Ioannis joined the department as a lecturer in Economics in the University of Surrey in 2008. Prior to this, he worked in various capacities at Keele University (since 2001), where he also received his doctorate with commendation in 2006. Ioannis holds a B.A.(Hons) in Business and Financial Economics from Staffordshire University, and a M.Sc. in Money, Banking and Finance from the University of Birmingham.
Ioannis' main research interests are in microeconomics, information economics, financial economics and contract theory. His research focuses on theory of financial intermediation, encompassing the areas of financial stability and financial regulation. Other areas of interest include experimental economics with emphasis on the experimental evidence on multi-player repeated games.
Vasco Gabriel (University of Surrey), Diana Lima (Central Bank of Portugal), Miriam Al Lily (Prince Mohammad bin Fahd University, Saudi Arabia).
Postgraduate research supervision
- Mrs. Diana Lima: Monetary Policy and Bank Regulation (passed Viva - minor corrections, February 2017)
- Mr Onur Akkaya: The Role of Technological Change and Financial Innovations on Bank Failures in Turkey (passed Viva - minor corrections, April 2016)
- ECO-GMM: Quantitative Methods, Autumn Semester 2020
- ECO3019: Money and Banking, Spring Semester 2020
- ECO2039: Financial Economics 2, Spring Semester 2020
Ioannis holds the Post Graduate Certificate in Academic Practice
Athena Swan Lead
Discussion Papers Coordinator
Central banks in charge of banking regulation are less aggressive in their inflation mandate since tight monetary policy conditions could have an adverse effect on the stability of the banking system. Due to the conflict between the two mandates, it has been argued that banking supervisory powers should be assigned to an independent authority to avoid inflation bias and enhance social welfare. The first part of the paper develops a theoretical model to examine the interaction between the credit and bank’s balance sheet policy transmission channels in influencing macroeconomic outcomes. When mandates are combined to a single authority, price and financial stabilisation objectives can be complementary or conflicting, depending on the policy instruments and types of macroeconomic shocks, with an important impact on social welfare. The second part of the paper empirically assesses whether central banks’ combined mandates leads to an inflation bias problem using panel data for 25 industrialised countries from 1975 to 2007. The estimation results show that, once we control for relevant policy and institutional factors (such as the presence of inflation targeting and deposit insurance schemes), the separation of banking supervision and monetary policy does not have a significant effect on inflation outcomes.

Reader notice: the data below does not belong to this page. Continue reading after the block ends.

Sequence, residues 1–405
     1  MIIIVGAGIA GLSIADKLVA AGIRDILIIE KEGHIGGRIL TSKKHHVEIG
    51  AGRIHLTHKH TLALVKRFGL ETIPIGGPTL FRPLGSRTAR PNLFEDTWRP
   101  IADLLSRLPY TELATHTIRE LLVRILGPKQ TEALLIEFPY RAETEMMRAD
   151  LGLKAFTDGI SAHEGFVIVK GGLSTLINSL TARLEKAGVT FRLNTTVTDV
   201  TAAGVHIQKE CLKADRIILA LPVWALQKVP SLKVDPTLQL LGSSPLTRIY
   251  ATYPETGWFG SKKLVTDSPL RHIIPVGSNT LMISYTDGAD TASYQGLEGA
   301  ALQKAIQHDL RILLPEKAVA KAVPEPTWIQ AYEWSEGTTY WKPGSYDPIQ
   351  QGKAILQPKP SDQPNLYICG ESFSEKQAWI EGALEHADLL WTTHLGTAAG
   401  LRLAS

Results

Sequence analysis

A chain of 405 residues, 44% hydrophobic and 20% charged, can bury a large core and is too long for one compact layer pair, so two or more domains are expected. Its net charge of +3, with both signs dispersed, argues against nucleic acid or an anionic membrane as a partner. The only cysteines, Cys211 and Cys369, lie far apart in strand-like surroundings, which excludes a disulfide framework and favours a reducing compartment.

The paper develops a model to examine the implications of the financial supervisory architecture on macroeconomic outcomes and social welfare, highlighting the role of policy instruments and types of macroeconomic shocks. In the static version of the model, it is shown that assigning the mandates of monetary and financial stability to two separate policymakers can only promote welfare when some coordination exists between the policymakers, and it is the welfare dominant arrangement when financial stability is socially important. In a dynamic framework, separation of mandates is the welfare dominant setting regardless of the social preferences between the two objectives. Coordination between the policymakers is the preferred structure when the volatility of macroeconomic variables influences social welfare.
We extend Diamond and Dybvig's (1983) model to a dynamic context where we study how the bank's financial stability is a®ected by successive withdrawal shocks during a crisis. We model a crisis as a series of these unanticipated events over a long period of time and not as isolated bank runs. We highlight the importance of banks' portfo- lio liquidity in surviving such crisis. The paper shows that external borrowing can smooth investment returns to guarantee that solvent but illiquid intermediaries can survive a crisis. In the presence of borrowing restrictions banks' liquidity exhibits an erratic behaviour.
The model developed in this paper examines the interaction between monetary and macroprudential policies in promoting macroeconomic stability, highlighting the role of shocks and policy instruments. The paper shows that assigning the mandates of monetary and financial stability to independent authorities enhances macroeconomic stability only when some level of coordination exists between policymakers and it is the dominant institutional arrangement when monetary stability is socially important. Instead, when society values financial stability, internalising the policy spillovers by assigning the two mandates to a single policymaker could become the dominant configuration depending on the model’s parameter values.
The paper performs a welfare comparison between demand deposit and equity contracts in the presence of intrinsic aggregate uncertainty. In this framework, the welfare dominance of deposit contracts emerges under corner preferences. It is shown that aggregate uncertainty creates high price volatility of ex-dividend equity claims traded in a secondary market and the resulting consumption allocations offer less risk-sharing opportunities to risk-averse consumers than tailor-made deposit contracts. The contingency of early payoffs on depositors’ withdrawal order reinforces the welfare performance of deposit contracts, whereas costly liquidation of productive long-term investments deteriorates their welfare performance relative to equity contracts.
- Diedrich M. and Lazopoulos I. "Homophily in Friendship Selection: Experimental Evidence from a Multi-Player Prisoner's Dilemma".
- Lazopoulos, I. "Information Transmission and Optimal Intermediation".